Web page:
The most important thing he says, though, is that he offers the insight that the Democrats have a way forward, if they can just get over the tendency of their current leadership to want to be Republican Lite.
The Democratic representatives in Congress have not heeded sane and sound advice from either their financial or progressive wings. Both look antagonistic, but in fact are making the same point.
The financial wing has said repeatedly that present interest rate and spending policies are not sustainable. That which can't go on, won't.
The progressive wing has said repeatedly that inflationary pressures on the working class, and this includes the vast bulk of the middle class, are unsustainably high. That which can't go on, won't.
The policy prescriptions that came out of this simple dual message are rather simple: end the war, pass universal single payor health coverage. The first will remove massive inflationary pressures on the economy, the second will control one of the most rampant costs afflicting the vasy range of Americans and reducing productivity and misallocating investment. The two represent, together, a shifting of the national effort away from making holes in walls in Iraq with bullets, and towards increasing American productivity.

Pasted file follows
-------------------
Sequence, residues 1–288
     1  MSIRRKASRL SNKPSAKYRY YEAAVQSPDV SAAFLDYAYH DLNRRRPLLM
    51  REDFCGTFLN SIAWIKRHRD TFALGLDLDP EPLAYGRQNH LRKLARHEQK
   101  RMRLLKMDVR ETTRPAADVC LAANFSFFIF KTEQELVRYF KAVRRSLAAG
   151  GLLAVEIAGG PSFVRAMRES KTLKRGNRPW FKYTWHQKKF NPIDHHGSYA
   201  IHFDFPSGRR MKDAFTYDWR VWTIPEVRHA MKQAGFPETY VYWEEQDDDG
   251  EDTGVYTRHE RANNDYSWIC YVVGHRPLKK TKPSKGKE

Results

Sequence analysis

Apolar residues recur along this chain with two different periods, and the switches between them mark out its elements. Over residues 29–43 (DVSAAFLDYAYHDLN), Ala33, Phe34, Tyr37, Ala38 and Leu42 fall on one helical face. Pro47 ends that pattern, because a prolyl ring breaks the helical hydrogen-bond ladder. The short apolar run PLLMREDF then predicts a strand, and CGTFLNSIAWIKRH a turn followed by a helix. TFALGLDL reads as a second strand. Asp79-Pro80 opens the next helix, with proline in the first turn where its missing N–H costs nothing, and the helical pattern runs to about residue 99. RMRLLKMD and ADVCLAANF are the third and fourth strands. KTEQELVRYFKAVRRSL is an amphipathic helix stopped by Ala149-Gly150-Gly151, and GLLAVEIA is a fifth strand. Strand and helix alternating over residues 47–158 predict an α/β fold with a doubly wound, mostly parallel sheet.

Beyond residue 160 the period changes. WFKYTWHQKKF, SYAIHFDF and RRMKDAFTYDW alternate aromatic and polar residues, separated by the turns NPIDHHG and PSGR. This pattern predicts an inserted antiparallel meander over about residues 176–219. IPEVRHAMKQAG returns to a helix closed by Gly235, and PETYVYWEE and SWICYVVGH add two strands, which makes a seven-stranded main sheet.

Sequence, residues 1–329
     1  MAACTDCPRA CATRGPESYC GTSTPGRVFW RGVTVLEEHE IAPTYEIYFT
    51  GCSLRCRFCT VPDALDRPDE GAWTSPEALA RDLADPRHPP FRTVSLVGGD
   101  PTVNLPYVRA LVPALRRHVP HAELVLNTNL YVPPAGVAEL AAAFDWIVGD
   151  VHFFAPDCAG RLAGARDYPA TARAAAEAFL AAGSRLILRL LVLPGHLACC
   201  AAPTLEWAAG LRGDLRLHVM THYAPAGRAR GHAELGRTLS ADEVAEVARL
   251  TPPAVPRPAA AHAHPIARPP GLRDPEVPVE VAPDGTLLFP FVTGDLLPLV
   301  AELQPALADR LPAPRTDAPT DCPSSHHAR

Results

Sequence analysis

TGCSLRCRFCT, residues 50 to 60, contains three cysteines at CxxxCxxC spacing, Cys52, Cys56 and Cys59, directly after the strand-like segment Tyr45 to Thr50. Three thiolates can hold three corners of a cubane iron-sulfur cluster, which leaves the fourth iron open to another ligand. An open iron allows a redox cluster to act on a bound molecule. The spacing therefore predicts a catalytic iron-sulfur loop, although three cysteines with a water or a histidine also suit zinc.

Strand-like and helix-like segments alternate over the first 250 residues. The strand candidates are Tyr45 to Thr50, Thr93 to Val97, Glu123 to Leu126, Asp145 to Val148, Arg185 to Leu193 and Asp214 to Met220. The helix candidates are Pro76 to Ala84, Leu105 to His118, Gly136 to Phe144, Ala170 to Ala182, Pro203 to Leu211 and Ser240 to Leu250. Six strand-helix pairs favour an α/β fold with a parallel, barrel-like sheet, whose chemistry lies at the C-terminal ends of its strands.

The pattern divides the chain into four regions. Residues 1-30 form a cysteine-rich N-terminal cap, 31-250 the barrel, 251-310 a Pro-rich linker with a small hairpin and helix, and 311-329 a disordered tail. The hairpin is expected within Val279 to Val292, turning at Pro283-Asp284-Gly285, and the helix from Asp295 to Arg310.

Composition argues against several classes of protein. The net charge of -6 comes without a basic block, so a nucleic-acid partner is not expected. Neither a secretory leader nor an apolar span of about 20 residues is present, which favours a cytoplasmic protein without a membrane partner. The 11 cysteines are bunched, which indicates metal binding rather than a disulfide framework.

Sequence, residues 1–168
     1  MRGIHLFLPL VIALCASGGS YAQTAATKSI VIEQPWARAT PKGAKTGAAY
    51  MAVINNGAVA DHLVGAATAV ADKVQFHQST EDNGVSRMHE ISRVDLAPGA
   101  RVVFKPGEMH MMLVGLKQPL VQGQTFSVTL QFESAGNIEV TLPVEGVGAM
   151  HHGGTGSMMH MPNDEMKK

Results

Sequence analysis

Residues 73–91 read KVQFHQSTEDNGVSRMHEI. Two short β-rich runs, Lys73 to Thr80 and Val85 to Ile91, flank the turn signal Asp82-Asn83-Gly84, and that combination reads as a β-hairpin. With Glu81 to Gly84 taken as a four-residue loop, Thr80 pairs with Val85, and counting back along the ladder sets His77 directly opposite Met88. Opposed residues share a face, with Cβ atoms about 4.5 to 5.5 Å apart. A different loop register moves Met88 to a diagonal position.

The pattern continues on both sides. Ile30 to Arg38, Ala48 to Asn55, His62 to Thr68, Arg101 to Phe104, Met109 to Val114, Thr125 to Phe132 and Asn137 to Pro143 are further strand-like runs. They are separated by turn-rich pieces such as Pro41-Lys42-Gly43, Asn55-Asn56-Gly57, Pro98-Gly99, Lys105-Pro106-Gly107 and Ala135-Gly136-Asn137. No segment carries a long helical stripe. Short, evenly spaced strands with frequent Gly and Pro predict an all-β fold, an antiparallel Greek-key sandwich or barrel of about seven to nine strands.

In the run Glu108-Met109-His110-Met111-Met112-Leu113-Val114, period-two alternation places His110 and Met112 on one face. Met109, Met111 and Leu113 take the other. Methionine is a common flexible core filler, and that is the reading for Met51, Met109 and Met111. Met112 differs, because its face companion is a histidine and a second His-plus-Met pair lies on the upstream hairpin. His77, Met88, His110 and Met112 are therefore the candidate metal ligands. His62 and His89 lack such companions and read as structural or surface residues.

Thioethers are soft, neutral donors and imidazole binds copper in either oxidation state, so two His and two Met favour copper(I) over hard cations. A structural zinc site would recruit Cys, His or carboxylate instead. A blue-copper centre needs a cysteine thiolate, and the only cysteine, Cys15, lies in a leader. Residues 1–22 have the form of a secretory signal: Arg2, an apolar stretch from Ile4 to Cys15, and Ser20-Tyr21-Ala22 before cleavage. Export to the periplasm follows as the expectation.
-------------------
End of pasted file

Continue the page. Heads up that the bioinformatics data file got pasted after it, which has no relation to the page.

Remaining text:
Instead the Democratic Party listened to its pork wing. The pork wing saw how the Republicans were borrowing and squandering, and wanted to get in on the action. Lead by Rahm Immanuel and Steny Hoyer, with a big assist from Harry Reid and Chuck Schumer, they bent the party on a self-destructive course of becoming That Other Republican Party.
Stirling, somewhat pessimistically seems to expect HRC to be crowned President by the Democratic Primaries. Even if she is, which I am beginning to doubt, the consensus of the financial and progressive wings will have considerable force. We have hope.
Via a commenter on Newberry's post, Tony Wikrent, a pointer to George Friedman's insight on who is stabilizing the U.S. financial markets (hint: it isn't the Fed).